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My coworker has a shirt where it's a picture of an avocado riding a bicycle. The joke? Avocardio!

My coworker says the joke is a pun. It's definitely a play on words, but I always thought a pun had to play on a word with two meanings. A classic example: what do you call a mix between an elephant and a rhino? Eleph-ino (hell-if-I-know).

Like elephino, avacardio is an absurd sounding mashup between the two words. But unlike elephino, avacardio doesn't have a meaning on its own. Therefore, I'm not sure if it counts as a pun.

Am I getting "pun" mixed up with "double entendre"? Or is the shirt, in fact, not a pun?

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    It's certainly a play on words (you need to supply a definition of 'pun'). How good a pun it is is a different masher. Feb 17, 2020 at 20:02
  • Pretty puny, I'd say.
    – Hot Licks
    Feb 17, 2020 at 20:07
  • According to google: "a joke exploiting the different possible meanings of a word or the fact that there are words which sound alike but have different meanings."
    – johncorser
    Feb 17, 2020 at 20:29
  • What dictionaries did you reference for the meaning of "pun"?
    – CJ Dennis
    Feb 17, 2020 at 20:45
  • I just googled: "define pun"
    – johncorser
    Feb 17, 2020 at 20:49

1 Answer 1

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It's a pun.

The rhetoric site Silva Rhetoricae hosted by BYU and maintained by Dr. Gideon Burton provides the following definition of pun under paranomasia:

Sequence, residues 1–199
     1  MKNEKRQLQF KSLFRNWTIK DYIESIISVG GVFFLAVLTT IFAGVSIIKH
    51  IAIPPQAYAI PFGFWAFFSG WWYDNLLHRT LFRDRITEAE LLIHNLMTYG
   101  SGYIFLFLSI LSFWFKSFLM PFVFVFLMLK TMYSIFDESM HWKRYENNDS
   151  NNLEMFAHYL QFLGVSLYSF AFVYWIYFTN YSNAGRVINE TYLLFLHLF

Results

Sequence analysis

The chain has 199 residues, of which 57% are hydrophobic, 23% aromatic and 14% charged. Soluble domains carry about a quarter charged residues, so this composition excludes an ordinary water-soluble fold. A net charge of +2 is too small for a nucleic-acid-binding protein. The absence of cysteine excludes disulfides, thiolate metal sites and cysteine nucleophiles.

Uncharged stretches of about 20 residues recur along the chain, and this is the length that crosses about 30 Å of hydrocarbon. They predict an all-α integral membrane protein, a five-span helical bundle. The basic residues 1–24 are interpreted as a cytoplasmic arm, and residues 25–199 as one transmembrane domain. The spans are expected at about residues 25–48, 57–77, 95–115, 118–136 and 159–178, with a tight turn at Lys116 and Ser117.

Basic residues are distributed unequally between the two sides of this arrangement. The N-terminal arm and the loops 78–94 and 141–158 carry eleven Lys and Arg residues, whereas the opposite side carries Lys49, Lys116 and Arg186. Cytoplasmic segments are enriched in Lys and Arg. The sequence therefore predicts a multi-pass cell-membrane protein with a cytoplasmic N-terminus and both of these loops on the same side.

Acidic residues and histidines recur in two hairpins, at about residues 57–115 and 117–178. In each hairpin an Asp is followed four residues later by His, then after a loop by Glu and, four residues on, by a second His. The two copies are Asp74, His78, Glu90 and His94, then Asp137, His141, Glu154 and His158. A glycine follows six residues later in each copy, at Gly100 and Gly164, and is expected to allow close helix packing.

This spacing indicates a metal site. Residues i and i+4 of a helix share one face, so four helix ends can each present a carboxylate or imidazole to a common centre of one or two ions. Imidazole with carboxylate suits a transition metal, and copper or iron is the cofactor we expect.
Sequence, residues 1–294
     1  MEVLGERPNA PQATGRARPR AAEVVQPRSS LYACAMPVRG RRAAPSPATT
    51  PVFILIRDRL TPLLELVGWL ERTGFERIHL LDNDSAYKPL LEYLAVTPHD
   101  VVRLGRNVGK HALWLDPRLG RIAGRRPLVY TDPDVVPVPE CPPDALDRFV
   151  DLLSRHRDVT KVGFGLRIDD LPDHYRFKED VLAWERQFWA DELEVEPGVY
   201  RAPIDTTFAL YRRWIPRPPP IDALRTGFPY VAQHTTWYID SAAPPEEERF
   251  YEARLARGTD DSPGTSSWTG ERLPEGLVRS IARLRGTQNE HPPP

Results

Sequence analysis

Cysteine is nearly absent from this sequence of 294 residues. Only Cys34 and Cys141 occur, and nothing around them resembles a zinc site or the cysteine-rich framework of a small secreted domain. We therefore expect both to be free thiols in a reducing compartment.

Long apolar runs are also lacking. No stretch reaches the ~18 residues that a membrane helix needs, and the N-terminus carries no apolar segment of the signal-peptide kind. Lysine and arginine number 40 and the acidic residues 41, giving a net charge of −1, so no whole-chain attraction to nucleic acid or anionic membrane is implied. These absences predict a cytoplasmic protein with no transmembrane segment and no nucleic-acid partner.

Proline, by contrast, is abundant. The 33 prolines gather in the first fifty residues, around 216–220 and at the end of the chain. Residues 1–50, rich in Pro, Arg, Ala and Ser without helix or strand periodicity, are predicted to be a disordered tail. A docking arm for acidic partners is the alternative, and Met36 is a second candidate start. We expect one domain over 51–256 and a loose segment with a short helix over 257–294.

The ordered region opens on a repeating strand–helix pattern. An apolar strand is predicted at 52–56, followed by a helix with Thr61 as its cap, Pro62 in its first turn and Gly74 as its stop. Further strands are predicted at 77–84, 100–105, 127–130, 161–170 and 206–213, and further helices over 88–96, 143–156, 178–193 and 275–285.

Using words that sound alike but that differ in meaning (punning).

In your example, let's break down the words at play:

  • avocado, a tree well-known for its edible fruit

  • cardio, heart-related activity

  • avocardio, the nonce portmanteau from combining avocado and cardio

In this case, the -cado in avocado is echoed in the -cardio in avocardio, which has similar sounds. Avocado and avocardio sound alike. But they have two meanings. Literally the avocado is a fruit, but avocardio plays off of the avocado's perceived status as a heart-healthy food (e.g. "An avocado a day keeps the cardiologist away," Penn State) to create a new word and meaning. That fits the definition of paronomasia.

Now, whether it's a good pun or one where its forced similarity is groan-worthy depends on your aesthetic judgment and your taste in t-shirts.

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